Section 230 of the Communications Decency Act of 1996, commonly referred to as Section 230 by those in internet law space, provides immunity from civil liability for both providers of and users of “an interactive computer service” that publish information provided by others. This essentially shields web hosts from liability for user-generated content that may be deemed unlawful. As we learned in the Fair Housing Council of San Fernando Valley v. Roommates.com case as well as subsequent decisions , in order to avail oneself of the immunity offered under Section 230, the defendant must not be an “information content provider”.
If the defendant is in fact deemed an information content provider, it will no longer be able to claim immunity under Section 230. Instead, in those cases where a defendant forces its users to provide discriminatory information as a condition to access, rather than simply providing neutral tools to enable the user to perform an unlawful or elicit act through user generated content or otherwise, liability may result.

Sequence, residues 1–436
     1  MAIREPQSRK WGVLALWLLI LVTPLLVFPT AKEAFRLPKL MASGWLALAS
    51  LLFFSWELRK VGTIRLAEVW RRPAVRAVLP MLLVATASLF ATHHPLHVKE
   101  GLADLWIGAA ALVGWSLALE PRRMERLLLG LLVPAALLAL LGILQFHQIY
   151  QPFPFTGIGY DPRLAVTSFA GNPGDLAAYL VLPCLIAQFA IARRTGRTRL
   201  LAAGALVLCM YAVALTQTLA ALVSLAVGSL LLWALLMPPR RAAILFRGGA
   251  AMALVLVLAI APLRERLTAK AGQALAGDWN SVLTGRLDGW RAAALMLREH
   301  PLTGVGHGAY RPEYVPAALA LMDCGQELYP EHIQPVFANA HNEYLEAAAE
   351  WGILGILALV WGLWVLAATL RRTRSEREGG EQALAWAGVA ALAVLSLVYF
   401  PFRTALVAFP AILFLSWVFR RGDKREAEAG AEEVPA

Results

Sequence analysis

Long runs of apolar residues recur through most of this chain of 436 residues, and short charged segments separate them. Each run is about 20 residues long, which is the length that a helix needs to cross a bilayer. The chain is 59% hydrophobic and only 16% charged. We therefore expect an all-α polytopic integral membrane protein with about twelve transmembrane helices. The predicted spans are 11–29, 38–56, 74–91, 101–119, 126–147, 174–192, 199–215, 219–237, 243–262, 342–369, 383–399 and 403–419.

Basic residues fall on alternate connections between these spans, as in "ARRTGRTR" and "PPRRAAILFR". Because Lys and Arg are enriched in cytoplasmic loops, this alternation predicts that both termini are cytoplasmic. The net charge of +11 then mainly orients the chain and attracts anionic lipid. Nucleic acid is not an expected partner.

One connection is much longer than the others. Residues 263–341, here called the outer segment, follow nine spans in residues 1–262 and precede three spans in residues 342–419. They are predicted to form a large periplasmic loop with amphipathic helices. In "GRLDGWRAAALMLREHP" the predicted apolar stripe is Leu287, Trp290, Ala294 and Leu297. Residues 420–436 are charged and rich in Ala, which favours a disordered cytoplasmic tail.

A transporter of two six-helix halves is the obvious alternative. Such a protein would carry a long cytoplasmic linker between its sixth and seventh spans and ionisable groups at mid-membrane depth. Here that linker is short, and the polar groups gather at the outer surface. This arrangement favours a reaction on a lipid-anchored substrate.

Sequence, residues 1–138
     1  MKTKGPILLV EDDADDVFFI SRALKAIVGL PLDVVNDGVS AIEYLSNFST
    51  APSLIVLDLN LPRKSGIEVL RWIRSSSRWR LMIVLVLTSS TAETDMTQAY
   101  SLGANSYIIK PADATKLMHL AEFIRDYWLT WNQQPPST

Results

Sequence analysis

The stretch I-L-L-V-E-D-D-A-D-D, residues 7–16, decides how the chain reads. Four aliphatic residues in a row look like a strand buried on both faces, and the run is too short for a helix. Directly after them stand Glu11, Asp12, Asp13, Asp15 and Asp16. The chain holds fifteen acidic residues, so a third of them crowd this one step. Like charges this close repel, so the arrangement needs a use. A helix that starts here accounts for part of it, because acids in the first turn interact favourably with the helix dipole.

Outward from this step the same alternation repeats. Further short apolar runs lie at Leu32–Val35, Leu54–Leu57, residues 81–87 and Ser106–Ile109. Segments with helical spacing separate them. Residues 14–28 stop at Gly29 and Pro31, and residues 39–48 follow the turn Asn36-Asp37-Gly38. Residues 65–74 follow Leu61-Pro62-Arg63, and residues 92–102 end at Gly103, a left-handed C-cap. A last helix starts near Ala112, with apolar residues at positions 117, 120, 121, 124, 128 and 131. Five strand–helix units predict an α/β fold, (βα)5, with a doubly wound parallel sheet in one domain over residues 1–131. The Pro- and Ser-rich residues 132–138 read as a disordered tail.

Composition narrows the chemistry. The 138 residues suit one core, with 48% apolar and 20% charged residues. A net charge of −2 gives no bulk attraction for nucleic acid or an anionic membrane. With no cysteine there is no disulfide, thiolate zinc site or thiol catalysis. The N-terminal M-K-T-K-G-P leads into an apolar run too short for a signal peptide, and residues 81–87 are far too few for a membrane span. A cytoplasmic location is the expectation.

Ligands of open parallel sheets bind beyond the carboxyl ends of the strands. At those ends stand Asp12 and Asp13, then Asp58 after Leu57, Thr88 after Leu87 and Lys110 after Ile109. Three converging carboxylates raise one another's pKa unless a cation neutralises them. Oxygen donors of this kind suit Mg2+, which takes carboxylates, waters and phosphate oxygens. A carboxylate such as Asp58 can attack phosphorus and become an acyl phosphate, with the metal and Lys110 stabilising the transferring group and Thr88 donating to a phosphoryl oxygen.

It is worth noting that Section 230 does not necessarily provide immunity as it relates to intellectual property law. For example, there is no immunity for contributory liability for trademark infringement, right of publicity claims, and other related claims. Ultimately, should an entity qualify as an information content provider with respect to the information at issue, Section 230 immunity will not apply. Thus, an understanding of what an ISP, web host, or other service provider must do in order to shield itself of liability in connection with user generated content is critical.